Local Indians were conscripted to be its work force and to be converted to Catholicism. Carmel Mission became the headquarters for the California mission chain from to Library of Congress Prints and Photographs Division. It is a parish church, museum, and home to important Catholic colonial era relics: t he Caravaca Cross reliquary which was carried by Father Serra and was found on his chest during a archeological exhumation and Our Lady of Bethlehem Statue, also known as La Conquistadora, which accompanied the first expedition from Mexico.

Carmel Mission is considered the most authentically restored mission of the chain. Beginning in Harry Downie, at the request of Monsignor Philip Scher, spent the next 50 years restoring the Mission Church and outbuildings. Our set of beautifully cast, painted iron bookends depicts Carmel Mission as it appeared in the late s.

A stereographic photo included in C. Also, by the photo the adobe ruins have disappeared. Bookends came into use at the beginning of the twentieth century. Then, as now, it was clear that bookends needed to be heavy or to have a foot on which a book sat in order to maintain stability. In addition, the bookend needed to have a flat vertical surface or contact points to hold a book or books vertical.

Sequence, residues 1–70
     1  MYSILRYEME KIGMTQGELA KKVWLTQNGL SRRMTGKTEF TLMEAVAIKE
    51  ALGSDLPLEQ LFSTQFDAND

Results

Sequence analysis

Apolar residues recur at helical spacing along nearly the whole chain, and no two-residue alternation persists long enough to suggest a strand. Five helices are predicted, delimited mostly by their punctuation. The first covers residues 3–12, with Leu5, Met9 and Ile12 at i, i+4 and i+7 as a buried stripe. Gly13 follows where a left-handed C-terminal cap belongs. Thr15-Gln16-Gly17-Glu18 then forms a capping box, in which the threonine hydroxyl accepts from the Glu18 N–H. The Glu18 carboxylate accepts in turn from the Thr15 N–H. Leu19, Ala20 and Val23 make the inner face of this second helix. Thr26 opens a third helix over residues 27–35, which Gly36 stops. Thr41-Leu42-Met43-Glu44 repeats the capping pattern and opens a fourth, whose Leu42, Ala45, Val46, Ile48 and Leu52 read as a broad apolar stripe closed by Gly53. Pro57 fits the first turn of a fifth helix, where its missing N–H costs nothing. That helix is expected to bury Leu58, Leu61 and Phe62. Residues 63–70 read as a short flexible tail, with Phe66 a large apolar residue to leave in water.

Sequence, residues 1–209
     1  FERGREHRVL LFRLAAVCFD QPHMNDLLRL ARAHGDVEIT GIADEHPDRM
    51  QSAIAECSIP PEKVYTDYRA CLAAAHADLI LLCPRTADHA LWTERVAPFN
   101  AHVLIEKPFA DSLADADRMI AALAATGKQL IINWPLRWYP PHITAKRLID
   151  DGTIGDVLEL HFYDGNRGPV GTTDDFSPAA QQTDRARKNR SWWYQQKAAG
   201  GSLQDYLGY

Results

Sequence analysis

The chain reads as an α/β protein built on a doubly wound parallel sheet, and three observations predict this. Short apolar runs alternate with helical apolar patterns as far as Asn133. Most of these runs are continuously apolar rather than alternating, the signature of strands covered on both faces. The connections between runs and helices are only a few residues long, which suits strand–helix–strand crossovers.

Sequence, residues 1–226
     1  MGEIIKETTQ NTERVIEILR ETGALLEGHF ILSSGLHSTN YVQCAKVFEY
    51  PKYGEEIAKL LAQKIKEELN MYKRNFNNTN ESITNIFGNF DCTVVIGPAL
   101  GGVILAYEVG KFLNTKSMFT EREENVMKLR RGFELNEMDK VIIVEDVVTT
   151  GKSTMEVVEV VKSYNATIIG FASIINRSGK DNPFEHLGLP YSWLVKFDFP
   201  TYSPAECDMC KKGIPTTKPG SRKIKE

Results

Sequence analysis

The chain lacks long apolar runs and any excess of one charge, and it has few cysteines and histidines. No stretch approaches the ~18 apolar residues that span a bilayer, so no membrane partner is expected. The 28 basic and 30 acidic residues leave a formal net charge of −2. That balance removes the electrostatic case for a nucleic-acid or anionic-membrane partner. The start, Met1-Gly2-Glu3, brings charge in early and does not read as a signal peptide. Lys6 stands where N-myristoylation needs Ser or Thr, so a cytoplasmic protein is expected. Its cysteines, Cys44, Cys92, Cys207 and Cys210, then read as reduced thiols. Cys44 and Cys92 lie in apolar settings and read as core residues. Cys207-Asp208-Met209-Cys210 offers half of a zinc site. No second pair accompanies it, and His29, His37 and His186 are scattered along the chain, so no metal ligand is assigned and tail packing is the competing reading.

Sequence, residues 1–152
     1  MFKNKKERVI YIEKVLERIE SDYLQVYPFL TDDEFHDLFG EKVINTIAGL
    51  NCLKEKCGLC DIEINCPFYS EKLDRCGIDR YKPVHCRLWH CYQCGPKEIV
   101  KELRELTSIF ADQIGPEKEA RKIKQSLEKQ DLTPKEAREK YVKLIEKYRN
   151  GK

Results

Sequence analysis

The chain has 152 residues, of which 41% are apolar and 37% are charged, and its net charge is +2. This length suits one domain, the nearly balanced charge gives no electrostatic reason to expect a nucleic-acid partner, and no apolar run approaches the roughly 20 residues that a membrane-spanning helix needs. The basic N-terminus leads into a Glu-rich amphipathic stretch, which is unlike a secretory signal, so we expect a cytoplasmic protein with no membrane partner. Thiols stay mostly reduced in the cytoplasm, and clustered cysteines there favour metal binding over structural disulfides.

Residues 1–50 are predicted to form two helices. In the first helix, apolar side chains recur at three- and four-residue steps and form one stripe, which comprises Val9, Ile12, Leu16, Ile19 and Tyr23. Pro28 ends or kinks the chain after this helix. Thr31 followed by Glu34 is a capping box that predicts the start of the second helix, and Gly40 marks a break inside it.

Suitability for mass production was important. Metal fit all the requirements and metal bookends became popular. Many bookends were cast from lead, but it soon became obvious that lead was too soft and the easily dented and did not hold paint well.

For those reasons lead fell into disuse as a bookend material about the same time in the early twentieth century that lead was also recognized as a health hazard when handled. Now we recognize lead bookends as very early bookends, and valuable to collectors for this reason.

Owl and Sunburst: Lead, Height 5. The sunburst behind the owl has not photographed well. This pair displays numerous dents. Mephistopheles: Lead. Height 4 in. Here he has a sardonic expression and horns.

Perhaps the bookends are actually Satan. Raven Figure: Lead. Height 5 in. Loss of paint is seen on the beaks. Knights Templar: Lead with wood backing, Height 5 in. This is a bookend from the Masons. A wood backing is attached to the back of the lead slab to prevent the slab from drooping. Templars, a catholic military order 12 to 14 centuries CE identified by shirts bearing crosses, are shown fighting in the Holy Land during the crusades.